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Optimize event handling with large arguments #9643

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@simonkcleung

simonkcleung commented Nov 16, 2016

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Affected core subsystem(s)
Description of change

In V8, it is faster to create an array by [] instead of new Array().

Optimize event handling with large arguments
In V8, it is faster to create an array by ```[]``` instead of ``` new Array()'''.
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Is it still faster taking into consideration that the current code creates an appropriately sized array from the start?

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cjihrig commented Nov 16, 2016

Is it still faster taking into consideration that the current code creates an appropriately sized array from the start?

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I'm a bit skeptical about this, can you provide a benchmark results comparison using benchmark/compare.R?

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mscdex commented Nov 16, 2016

I'm a bit skeptical about this, can you provide a benchmark results comparison using benchmark/compare.R?

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simonkcleung Nov 16, 2016

@cjihrig
yes, it is faster

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Not familiar with benchmark. I tested it in https://github.com/nodejs/node/blob/master/benchmark/events/ee-emit-multi-args.js and line 17 changed to ee.emit('dummy',1,2,3,4,5,6);

simonkcleung commented Nov 16, 2016

@cjihrig
yes, it is faster

@mscdex
Not familiar with benchmark. I tested it in https://github.com/nodejs/node/blob/master/benchmark/events/ee-emit-multi-args.js and line 17 changed to ee.emit('dummy',1,2,3,4,5,6);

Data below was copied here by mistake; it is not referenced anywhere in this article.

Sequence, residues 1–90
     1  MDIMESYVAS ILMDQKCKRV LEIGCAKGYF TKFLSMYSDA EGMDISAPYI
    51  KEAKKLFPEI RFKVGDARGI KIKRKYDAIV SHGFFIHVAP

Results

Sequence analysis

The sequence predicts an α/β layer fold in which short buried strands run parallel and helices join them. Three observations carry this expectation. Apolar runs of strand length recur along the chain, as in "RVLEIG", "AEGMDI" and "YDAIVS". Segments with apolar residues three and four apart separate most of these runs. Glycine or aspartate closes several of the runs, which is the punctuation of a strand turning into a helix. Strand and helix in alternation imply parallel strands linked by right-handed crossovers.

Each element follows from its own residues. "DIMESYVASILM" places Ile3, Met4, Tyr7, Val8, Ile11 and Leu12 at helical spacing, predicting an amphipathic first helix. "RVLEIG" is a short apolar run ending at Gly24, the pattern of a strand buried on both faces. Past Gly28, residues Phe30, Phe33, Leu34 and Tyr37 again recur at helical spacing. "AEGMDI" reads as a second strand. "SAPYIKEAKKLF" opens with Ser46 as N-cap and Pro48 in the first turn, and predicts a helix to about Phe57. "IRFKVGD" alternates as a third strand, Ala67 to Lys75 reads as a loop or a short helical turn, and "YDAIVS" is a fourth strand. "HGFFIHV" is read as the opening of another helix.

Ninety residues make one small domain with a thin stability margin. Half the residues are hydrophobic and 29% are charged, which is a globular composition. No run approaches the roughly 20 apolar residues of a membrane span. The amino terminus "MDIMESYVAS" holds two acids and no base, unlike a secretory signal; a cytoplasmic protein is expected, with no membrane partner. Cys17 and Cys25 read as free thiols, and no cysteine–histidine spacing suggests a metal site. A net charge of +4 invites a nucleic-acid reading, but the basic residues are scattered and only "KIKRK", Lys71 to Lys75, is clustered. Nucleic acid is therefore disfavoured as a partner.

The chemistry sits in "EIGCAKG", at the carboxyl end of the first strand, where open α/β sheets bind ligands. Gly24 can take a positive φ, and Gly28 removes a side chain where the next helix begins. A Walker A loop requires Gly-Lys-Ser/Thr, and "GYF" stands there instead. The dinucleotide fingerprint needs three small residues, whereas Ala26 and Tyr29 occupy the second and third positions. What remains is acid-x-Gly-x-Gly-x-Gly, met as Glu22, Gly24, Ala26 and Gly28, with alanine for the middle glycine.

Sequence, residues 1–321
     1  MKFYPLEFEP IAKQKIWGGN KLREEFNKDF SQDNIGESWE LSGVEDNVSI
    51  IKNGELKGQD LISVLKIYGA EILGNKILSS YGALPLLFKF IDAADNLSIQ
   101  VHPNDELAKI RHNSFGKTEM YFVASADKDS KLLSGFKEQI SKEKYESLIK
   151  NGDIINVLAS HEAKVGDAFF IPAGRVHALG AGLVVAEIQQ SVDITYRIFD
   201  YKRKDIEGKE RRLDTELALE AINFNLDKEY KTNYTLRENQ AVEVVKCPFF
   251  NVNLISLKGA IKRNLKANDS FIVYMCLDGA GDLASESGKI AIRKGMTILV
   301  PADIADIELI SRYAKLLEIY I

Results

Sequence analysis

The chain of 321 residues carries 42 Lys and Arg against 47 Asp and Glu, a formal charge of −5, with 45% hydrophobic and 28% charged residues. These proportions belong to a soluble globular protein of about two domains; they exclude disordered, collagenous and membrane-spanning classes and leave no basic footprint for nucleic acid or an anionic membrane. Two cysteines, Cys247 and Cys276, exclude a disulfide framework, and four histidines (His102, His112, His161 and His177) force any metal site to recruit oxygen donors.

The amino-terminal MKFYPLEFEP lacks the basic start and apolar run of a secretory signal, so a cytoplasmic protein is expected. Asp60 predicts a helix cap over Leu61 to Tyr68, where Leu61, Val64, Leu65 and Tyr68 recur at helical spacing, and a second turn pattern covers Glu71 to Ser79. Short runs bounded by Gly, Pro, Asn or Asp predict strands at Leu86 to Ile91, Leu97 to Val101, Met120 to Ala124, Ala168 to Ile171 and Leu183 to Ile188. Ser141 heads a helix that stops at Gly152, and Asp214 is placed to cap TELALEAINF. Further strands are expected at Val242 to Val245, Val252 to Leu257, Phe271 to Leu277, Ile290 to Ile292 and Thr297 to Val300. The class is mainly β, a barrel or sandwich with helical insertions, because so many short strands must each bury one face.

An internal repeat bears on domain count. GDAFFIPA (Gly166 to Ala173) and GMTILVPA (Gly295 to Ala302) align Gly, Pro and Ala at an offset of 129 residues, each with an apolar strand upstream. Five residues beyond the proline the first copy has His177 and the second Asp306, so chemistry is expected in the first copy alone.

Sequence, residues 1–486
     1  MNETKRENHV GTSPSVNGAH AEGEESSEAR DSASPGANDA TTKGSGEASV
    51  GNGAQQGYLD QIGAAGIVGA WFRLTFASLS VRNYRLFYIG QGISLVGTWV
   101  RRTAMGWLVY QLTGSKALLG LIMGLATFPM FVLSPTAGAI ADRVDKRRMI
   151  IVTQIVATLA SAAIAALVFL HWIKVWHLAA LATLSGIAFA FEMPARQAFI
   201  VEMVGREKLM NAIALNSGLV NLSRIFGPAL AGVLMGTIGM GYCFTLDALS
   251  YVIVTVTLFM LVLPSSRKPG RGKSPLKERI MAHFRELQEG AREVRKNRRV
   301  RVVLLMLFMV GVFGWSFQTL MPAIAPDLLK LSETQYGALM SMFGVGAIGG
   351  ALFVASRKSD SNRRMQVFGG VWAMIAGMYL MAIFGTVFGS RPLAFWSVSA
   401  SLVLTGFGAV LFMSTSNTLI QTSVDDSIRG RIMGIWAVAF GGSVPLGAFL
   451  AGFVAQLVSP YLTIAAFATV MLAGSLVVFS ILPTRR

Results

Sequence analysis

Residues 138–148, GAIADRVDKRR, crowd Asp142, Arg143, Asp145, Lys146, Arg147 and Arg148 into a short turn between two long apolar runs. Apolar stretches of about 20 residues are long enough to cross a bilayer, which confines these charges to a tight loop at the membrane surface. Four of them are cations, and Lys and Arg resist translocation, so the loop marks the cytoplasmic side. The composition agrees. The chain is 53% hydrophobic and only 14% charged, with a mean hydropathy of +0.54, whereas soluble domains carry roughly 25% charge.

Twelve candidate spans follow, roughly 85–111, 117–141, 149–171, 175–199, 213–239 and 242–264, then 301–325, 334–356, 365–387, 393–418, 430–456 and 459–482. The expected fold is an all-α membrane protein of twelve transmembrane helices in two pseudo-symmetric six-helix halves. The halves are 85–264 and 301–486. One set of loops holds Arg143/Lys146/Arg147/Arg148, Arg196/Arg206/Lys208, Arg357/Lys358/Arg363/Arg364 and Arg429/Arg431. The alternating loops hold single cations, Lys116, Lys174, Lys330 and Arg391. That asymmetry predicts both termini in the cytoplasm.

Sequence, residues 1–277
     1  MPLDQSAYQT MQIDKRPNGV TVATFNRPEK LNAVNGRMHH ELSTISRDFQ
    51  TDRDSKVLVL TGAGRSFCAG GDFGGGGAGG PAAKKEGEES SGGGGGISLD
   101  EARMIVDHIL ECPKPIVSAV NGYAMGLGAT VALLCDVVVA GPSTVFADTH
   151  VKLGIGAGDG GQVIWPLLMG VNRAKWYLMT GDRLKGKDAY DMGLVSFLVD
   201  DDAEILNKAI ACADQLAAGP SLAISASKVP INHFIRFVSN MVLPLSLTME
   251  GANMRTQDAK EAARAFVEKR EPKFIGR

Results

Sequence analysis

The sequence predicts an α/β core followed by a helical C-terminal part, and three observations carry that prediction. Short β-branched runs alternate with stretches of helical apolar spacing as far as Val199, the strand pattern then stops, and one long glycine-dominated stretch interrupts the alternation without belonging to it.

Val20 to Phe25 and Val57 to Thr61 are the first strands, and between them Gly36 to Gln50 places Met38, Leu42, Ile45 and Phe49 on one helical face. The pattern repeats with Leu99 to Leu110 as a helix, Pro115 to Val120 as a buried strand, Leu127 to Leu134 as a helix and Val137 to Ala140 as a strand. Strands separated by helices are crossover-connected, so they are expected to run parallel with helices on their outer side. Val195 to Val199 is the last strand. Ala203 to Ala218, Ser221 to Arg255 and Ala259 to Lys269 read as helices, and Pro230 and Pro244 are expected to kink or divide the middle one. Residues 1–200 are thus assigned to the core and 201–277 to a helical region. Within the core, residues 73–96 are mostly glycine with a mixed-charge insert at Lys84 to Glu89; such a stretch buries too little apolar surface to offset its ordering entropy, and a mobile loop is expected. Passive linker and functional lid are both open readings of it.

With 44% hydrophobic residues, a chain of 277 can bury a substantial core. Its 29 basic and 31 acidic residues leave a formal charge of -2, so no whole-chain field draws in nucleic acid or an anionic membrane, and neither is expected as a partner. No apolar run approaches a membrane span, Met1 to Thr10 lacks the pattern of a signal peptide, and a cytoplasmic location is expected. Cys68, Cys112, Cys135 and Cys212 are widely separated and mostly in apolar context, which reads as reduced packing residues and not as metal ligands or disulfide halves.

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-1 if without benchmark result.

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JacksonTian commented Nov 16, 2016

-1 if without benchmark result.

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I ran the events benchmarks and the statistically-significant results indicate that this new code is slightly slower.

Command I ran (after compiling the master branch and moving it to /var/tmp, then compiling the master branch with this patch applied and moving it to a different name in /var/tmp):

 node benchmark/compare.js --old /var/tmp/node-master --new /var/tmp/node-simonkcleung events | tee /var/tmp/events.csv

Command I then ran to process the data:

cat /var/tmp/events.csv | Rscript benchmark/compare.R

Results:

                                                     improvement significant    p.value
 events/ee-add-remove.js n=250000                         0.76 %             0.07922860
 events/ee-emit-multi-args.js n=2000000                  -1.30 %           * 0.04312630
 events/ee-emit.js n=2000000                             -0.63 %             0.63112687
 events/ee-listener-count-on-prototype.js n=50000000     -0.26 %             0.52637424
 events/ee-listeners-many.js n=5000000                   -1.25 %           * 0.03766378
 events/ee-listeners.js n=5000000                         0.19 %             0.75764889